The term "biodegradable" has been used over the past few years, to describe plastics or packaging that could potentially be metabolized by microorganisms in nature, with complete breakdown to CO2/Methane, water and biomass. However, there is significant confusion and controversy surrounding biodegradable plastics since many suppliers have used the term to loosely describe their material/packaging without specifying the conditions under which the material would degrade in nature. For instance, some plastics (like PLA) will only degrade under industrial composting conditions, while some others (like PHA) can break down under a wider range of conditions and environments (industrial, backyard, marine). Given this widespread confusion and the misuse of the "biodegradable" term, many global government and industry organizations have issued guidelines to restrict or eliminate the unqualified use of biodegradable as a descriptor of plastics or packaging. These include the European Commission guidelines (European Plastics Strategy) and the Federal Trade Commission Green Guides in the US.
In line with such guidelines, Ubuntoo's recommends that companies providing biodegradable materials, products or packaging:
1.Avoid unqualified use of the term "biodegradable" to describe their products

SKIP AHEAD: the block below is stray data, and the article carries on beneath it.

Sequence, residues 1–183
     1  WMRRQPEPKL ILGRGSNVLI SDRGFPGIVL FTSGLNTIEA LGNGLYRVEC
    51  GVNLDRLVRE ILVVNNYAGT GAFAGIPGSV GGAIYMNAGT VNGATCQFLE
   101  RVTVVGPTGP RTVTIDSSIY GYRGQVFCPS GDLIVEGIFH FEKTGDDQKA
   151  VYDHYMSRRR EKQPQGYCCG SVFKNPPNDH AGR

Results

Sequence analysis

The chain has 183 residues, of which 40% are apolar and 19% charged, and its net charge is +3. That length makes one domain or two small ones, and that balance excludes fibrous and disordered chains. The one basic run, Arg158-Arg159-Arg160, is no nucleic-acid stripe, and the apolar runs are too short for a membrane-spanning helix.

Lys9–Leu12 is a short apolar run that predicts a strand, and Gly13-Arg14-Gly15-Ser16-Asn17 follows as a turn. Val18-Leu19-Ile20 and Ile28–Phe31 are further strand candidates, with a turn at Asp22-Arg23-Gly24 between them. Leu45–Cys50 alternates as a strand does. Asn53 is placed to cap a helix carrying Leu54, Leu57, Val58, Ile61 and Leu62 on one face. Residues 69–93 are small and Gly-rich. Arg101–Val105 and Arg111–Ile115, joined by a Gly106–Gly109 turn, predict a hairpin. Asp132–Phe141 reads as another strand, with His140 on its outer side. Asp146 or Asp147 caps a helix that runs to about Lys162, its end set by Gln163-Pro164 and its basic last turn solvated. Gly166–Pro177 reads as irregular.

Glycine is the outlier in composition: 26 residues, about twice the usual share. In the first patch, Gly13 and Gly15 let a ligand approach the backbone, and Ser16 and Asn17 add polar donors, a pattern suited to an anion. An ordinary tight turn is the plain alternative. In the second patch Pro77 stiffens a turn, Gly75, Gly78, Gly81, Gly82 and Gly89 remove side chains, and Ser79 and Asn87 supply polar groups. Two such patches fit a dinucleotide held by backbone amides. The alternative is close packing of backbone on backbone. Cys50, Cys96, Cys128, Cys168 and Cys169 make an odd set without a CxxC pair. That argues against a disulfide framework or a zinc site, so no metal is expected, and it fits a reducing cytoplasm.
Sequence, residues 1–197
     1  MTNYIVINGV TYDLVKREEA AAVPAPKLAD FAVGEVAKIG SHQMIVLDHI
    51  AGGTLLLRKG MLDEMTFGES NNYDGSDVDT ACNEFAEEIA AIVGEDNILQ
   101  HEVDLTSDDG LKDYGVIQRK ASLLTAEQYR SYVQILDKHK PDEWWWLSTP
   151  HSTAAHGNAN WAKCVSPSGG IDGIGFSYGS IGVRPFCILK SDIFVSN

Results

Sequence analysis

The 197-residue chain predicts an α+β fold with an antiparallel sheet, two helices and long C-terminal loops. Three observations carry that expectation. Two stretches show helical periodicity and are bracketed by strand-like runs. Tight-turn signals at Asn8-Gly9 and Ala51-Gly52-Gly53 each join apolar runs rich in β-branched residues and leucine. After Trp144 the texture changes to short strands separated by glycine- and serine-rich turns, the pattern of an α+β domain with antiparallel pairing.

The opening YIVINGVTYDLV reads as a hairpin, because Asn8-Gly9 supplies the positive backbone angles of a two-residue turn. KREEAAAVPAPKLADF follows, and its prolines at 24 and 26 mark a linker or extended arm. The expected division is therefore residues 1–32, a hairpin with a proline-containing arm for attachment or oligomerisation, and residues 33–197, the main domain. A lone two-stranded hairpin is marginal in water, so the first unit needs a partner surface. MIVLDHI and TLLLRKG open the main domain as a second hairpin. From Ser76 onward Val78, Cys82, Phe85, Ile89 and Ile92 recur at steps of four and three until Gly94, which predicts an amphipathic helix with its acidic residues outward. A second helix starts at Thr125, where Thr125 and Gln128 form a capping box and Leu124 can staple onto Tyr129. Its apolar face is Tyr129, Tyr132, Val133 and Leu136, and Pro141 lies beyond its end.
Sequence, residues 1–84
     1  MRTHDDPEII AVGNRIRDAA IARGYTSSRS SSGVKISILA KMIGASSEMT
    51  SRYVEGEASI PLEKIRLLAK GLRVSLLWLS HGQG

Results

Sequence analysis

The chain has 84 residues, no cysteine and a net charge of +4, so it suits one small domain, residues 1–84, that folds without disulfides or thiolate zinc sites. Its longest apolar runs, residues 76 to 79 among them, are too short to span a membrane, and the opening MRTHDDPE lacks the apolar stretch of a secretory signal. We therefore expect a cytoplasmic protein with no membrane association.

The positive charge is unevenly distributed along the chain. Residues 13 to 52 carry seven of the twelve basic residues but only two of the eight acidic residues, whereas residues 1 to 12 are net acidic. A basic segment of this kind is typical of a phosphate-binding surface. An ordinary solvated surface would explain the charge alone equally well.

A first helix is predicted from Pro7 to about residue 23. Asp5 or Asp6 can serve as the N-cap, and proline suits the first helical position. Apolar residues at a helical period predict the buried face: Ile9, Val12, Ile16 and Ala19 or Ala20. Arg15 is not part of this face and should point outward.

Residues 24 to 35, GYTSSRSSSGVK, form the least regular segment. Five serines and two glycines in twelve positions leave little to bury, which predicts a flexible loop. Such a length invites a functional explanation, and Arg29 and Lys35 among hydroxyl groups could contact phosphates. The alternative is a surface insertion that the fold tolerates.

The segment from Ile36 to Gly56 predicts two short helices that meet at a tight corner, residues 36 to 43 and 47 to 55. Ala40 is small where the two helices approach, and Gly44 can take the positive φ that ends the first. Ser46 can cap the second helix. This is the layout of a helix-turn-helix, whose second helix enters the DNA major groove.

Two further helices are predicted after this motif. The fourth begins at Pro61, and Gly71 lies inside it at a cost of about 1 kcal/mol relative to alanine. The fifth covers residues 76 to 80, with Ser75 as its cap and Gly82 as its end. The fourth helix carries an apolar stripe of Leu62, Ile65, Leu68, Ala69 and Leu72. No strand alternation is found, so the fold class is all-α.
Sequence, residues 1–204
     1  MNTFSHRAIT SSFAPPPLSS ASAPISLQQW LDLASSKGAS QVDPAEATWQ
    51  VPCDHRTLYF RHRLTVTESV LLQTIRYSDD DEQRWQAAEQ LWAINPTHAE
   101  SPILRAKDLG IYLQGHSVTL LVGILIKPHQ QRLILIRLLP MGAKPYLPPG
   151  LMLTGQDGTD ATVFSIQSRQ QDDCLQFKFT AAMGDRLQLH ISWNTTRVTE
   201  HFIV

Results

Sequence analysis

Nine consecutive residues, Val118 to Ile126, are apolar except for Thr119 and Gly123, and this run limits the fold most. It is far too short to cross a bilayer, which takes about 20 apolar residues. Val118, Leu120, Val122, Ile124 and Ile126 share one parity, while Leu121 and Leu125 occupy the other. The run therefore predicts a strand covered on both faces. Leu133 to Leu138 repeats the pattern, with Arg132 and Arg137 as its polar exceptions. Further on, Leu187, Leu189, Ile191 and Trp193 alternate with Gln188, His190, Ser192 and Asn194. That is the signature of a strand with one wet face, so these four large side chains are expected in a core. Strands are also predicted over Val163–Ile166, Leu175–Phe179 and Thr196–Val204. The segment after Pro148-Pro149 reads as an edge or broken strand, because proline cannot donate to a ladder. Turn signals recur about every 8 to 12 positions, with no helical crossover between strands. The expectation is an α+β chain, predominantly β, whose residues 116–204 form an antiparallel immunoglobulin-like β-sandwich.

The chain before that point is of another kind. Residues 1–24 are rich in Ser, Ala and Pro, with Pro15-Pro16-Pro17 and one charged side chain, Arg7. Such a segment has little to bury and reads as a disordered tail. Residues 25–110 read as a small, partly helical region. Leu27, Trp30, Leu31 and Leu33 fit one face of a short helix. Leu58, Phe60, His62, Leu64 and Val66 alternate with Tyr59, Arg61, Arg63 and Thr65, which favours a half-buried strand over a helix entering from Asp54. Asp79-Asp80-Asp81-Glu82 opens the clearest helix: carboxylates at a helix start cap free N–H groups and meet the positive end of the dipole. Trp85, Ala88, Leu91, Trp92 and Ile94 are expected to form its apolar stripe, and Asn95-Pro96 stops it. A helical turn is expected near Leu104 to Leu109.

2.Any claim of biodegradability should be accompanied by a description of specific conditions and environments under which the material or product will undergo degradation in nature
3.It is strongly recommended that companies provide globally accepted certifications or testing for various biodegradability claims (such as the BPA certification for industrial composting)
Further in line with the position articulated by the European Commission as well as major CPG companies, Ubuntoo recommends that "biodegradable" plastics should not be considered a solution for littering (or worse a license to litter). Appropriate collection and end-of-life solutions (such as industrial composting or home composting) need to be put into place to avoid biodegradable plastics ending up as litter in the environment.
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The Canibal machine is dedicated to cans, plastic bottles, paper and plastic cups recycling, especially in out of home environment.
Every year around the world, 1000 billions drink waste are thrown away. Only 5% of them are recycled and remaining 950 billions will be burned at best. At worst, it will end up in ours oceans.
Based on this observation, after 3 years of R&D, Canibal came up with an innovative based on a playful approach to collect and educate.The machine is able to recognize, sort and compact waste, including cups which counts for more than 80% of beverage waste in offices and corporate places. With this innovation and their recycling partner they can transform every recycled cup in a new product.
Canibal created Caniplac, a material made of recycled cups, which can be used to make many products such as bins to collect more cups. A tangible example of circular economy.
The material can also be used for the realization of eco-designed projects. For example, they have been using it in the renovation of school buildings. Caniplac can also be used as filaments for 3D printers, insulating plates, sound insulation, office equipment.
Benoit Paget founded Canibal in 2009. He is as well the CEO of Green Big, a company that uses recycling as a lever for development and creation of added value. Benoit is also an entrepreneur with the mission to transform waste into resourceful materials.